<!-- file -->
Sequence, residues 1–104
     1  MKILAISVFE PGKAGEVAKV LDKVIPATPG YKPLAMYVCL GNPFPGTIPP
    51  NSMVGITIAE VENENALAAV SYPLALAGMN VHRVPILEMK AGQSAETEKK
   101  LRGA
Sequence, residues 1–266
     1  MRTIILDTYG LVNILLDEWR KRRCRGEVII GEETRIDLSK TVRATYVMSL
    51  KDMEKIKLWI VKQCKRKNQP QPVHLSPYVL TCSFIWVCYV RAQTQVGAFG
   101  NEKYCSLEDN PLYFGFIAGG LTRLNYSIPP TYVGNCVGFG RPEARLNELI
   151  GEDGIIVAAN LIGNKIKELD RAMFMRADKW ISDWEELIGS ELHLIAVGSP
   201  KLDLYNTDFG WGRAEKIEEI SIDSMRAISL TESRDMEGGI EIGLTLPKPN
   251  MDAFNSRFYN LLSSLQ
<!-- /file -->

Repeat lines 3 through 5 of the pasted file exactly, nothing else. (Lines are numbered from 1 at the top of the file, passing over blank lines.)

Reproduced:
    51  NSMVGITIAE VENENALAAV SYPLALAGMN VHRVPILEMK AGQSAETEKK
   101  LRGA
Sequence, residues 1–266